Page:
Calgary’s new integrity commissioner is intending to be as arms-length as possible. That’s what Meryl Whittaker told a city council meeting Monday morning.
“Because the integrity commissioner is an adjudicator, I think it’s really crucial that I am independent and unbiased,” the new council watchdog said.
“I don’t intend to meet with any of you socially outside of my role as the integrity commissioner,” Whittaker told councillors.
“I won’t engage or comment on politics with you or with the media.
“I won’t engage or comment publicly on any of my investigations or decisions outside of when I report to you in council because I think that my decisions will speak for themselves.”
A lawyer by trade, Whittaker said she believes the actions of public servants like herself should meet a “high ethical standard.”
“For me, that’s encapsulated in accountability, integrity and respect. And so I always led my teams when I was in public service based on those three principles.”
Whittaker previously was the deputy minister of Municipal Affairs and of Culture and Tourism, among other senior positions with the provincial government, and retired in 2019.
She has served in leadership and judicial roles with the Alberta Local Authorities Pension Plan Corporation and as solicitor with the City of Edmonton.
Whittaker was also a member of the Calgary 2026 bid corporation.
“I bring a level of independence to the role because my entire career, until a year ago, was in Edmonton, and so I have not been a Calgarian,” Whittaker said.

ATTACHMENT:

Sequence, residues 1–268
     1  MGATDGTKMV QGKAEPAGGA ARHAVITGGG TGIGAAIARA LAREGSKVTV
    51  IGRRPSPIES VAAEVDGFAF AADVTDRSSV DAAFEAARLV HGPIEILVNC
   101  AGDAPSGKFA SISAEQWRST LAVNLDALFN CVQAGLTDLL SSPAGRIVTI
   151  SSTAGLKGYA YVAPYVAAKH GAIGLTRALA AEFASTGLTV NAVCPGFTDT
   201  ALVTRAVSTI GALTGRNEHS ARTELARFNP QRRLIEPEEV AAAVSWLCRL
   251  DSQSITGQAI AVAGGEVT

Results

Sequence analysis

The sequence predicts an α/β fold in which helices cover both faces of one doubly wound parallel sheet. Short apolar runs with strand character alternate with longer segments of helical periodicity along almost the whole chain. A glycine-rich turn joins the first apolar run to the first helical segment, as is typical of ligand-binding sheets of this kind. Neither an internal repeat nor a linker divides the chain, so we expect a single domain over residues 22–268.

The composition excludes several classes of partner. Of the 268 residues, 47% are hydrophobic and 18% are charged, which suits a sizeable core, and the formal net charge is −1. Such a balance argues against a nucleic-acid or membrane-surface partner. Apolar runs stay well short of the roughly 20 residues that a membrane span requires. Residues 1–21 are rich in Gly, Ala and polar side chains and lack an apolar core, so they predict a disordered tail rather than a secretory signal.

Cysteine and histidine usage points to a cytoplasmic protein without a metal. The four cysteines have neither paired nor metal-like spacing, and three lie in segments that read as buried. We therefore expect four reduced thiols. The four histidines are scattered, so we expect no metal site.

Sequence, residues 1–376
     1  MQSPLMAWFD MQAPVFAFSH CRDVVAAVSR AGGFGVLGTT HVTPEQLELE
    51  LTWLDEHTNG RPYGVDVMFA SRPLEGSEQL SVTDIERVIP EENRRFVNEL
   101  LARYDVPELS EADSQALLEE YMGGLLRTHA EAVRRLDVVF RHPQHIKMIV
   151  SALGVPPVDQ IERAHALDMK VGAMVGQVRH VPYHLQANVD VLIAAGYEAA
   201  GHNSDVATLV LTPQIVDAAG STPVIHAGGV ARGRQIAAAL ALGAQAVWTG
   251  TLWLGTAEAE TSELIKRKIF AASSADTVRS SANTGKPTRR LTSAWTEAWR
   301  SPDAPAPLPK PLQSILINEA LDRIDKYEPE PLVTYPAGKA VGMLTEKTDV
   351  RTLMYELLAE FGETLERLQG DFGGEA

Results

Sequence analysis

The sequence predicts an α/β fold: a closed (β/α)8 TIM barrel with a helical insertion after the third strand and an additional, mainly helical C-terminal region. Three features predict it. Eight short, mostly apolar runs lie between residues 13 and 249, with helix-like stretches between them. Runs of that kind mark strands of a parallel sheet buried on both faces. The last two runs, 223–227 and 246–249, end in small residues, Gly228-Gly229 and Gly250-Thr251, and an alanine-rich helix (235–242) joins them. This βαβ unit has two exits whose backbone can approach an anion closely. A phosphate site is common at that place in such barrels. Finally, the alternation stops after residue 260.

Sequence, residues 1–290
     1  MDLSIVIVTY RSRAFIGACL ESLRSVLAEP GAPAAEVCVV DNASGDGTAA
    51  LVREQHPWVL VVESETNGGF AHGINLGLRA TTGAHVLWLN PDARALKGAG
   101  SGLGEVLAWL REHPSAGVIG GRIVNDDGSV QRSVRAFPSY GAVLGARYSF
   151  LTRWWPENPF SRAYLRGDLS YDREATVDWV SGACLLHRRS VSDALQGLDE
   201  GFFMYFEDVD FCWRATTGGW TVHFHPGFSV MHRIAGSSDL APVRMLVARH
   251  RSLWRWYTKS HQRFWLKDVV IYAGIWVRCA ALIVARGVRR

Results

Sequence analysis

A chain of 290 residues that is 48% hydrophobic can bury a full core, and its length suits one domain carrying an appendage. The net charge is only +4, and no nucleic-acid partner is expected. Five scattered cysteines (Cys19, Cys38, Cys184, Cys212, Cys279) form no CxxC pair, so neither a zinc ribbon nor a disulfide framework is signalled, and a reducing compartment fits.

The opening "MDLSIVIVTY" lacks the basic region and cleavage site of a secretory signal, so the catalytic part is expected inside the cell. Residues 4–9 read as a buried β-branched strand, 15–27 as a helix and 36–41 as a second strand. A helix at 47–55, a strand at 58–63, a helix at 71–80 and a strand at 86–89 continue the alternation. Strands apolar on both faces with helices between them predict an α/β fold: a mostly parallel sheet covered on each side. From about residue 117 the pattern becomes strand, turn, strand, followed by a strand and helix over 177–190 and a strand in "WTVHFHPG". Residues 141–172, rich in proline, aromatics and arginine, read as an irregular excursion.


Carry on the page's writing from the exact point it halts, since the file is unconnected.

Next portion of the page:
“I don’t come with any long-held opinions or biases about Calgary politics.”
Other than meeting councillors in her previous roles, she said she doesn’t know any of the councillors personally.
“And as much as it might be nice to get to know you, I don’t plan on getting to know you that well,” Whittaker told council. “And I mean that in the nicest sense.”
Mayor Naheed Nenshi said he thinks there’s a place for a professional relationship between the integrity commissioner and councillors.
“Council members may go to the ethics advisor if they have questions and the ethics advisor should be able to manage those,” Nenshi said. “But if they have questions that are work related for the integrity commissioner, I don’t have any problem with them having those conversations.”
Nenshi announced Whittaker’s appointment following budget deliberations on Nov. 26. A civilian committee selected the new integrity commissioner, a process that began in March.
The previous integrity commissioner Sal Lovecchio recused himself from investigating Ward 2 Coun. Joe Magliocca’s expenses after it came to light that a personal lunch between Lovecchio and Magliocca was expensed by Magliocca.